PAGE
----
Kathryn Williams explores the works and influences of Sylvia Plath
    How one man's day in high heels showed him that Cannes must change its 'no flats' policy

    One man's day in high heels

    ...showed him that Cannes must change its 'flats' policy
    Is a quiet crusade to reform executive pay bearing fruit?

    Is a quiet crusade to reform executive pay bearing fruit?

    Dominic Rossi of Fidelity says his pressure on business to control rewards is working. But why aren’t other fund managers helping?
    The King David Hotel gives precious work to Palestinians - unless peace talks are on

    King David Hotel: Palestinians not included

    The King David is special to Jerusalem. Nick Kochan checked in and discovered it has some special arrangements, too
    More people moving from Australia to New Zealand than in the other direction for first time in 24 years

    End of the Aussie brain drain

    More people moving from Australia to New Zealand than in the other direction for first time in 24 years
    Meditation is touted as a cure for mental instability but can it actually be bad for you?

    Can meditation be bad for you?

    Researching a mass murder, Dr Miguel Farias discovered that, far from bringing inner peace, meditation can leave devotees in pieces
    Eurovision 2015: Australians will be cheering on their first-ever entrant this Saturday

    Australia's first-ever Eurovision entrant

    Australia, a nation of kitsch-worshippers, has always loved the Eurovision Song Contest. Maggie Alderson says it'll fit in fine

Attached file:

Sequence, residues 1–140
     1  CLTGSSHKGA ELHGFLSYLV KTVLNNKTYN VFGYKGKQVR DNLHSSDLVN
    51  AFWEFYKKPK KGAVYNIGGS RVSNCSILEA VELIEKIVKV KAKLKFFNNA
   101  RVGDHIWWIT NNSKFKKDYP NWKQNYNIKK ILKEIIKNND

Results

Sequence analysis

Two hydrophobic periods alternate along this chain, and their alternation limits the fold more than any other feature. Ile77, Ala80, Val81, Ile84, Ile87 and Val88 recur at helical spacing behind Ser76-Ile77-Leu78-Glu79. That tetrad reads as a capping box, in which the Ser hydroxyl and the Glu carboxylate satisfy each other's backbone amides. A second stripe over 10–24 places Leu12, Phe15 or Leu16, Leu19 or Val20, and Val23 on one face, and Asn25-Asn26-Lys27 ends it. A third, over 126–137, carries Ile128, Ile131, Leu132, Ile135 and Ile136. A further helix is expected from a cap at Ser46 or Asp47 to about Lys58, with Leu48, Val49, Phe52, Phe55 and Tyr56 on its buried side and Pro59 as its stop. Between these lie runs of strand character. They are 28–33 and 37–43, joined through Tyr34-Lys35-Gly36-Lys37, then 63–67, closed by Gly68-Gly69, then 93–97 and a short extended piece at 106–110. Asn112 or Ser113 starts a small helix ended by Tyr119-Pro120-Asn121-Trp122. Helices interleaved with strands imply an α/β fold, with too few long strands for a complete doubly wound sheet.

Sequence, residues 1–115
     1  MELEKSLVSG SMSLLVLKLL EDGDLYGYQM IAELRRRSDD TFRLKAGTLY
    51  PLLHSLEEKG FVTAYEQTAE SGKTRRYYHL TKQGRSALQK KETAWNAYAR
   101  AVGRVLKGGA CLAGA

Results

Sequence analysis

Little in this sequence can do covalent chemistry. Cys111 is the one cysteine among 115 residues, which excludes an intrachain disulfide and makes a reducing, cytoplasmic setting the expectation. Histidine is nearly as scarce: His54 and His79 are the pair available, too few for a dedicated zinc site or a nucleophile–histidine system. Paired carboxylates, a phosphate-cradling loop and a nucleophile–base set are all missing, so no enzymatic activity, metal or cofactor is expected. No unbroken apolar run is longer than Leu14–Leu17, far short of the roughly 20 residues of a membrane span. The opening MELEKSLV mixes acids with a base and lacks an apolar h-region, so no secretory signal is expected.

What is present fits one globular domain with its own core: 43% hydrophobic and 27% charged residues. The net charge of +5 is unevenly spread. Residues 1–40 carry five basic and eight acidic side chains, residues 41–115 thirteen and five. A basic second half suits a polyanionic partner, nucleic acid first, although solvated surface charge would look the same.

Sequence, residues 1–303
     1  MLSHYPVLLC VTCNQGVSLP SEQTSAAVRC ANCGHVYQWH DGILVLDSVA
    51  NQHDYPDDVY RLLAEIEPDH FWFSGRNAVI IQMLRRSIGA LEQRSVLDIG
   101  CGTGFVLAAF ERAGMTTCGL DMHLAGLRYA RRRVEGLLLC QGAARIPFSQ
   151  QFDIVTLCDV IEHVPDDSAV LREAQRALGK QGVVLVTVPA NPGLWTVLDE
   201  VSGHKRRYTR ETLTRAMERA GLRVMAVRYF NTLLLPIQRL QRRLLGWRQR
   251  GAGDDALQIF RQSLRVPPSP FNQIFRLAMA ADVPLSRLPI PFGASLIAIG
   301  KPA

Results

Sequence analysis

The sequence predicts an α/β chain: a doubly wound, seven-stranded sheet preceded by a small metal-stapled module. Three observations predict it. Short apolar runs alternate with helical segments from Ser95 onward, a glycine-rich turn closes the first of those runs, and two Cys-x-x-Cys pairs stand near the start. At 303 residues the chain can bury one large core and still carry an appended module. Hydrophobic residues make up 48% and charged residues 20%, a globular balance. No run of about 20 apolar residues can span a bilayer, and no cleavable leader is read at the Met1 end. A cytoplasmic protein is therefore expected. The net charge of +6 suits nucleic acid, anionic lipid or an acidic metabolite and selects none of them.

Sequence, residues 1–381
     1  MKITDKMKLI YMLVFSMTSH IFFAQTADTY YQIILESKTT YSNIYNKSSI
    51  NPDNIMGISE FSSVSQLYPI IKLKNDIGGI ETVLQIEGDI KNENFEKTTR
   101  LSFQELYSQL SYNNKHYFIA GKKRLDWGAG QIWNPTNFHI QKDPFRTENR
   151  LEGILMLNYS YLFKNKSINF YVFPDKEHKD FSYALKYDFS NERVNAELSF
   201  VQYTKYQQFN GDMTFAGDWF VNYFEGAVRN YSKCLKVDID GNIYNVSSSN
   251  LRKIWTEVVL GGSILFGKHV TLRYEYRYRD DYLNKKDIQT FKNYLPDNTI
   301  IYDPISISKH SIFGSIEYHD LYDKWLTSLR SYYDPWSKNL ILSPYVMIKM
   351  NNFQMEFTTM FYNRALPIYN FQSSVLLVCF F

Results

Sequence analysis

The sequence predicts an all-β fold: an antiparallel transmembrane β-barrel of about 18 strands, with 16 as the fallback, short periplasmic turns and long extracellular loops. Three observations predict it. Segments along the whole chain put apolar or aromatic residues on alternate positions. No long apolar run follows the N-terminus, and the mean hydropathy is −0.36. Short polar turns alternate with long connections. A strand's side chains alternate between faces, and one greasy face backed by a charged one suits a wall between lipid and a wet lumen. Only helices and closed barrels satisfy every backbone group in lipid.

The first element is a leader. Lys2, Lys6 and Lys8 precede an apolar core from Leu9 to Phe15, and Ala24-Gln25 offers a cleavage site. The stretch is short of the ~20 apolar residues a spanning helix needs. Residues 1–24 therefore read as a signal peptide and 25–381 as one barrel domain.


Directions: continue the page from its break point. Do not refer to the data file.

Letterman's final Late Show: Laughter, but no tears, as David takes his bow after 33 years

    Laughter, but no tears, as Letterman takes his bow after 33 years

    Veteran talkshow host steps down to plaudits from four presidents
    Ivor Novello Awards 2015: Hozier wins with anti-Catholic song 'Take Me To Church' as John Whittingdale leads praise for Black Sabbath

    Hozier's 'blasphemous' song takes Novello award

    Singer joins Ed Sheeran and Clean Bandit in celebration of the best in British and Irish music
    Tequila gold rush: The spirit has gone from a cheap shot to a multi-billion pound product

    Join the tequila gold rush

    The spirit has gone from a cheap shot to a multi-billion pound product
    12 best statement wallpapers

    12 best statement wallpapers

    Make an impact and transform a room with a conversation-starting pattern
    Paul Scholes column: Does David De Gea really want to leave Manchester United to fight it out for the No 1 spot at Real Madrid?

    Paul Scholes column

    Does David De Gea really want to leave Manchester United to fight it out for the No 1 spot at Real Madrid?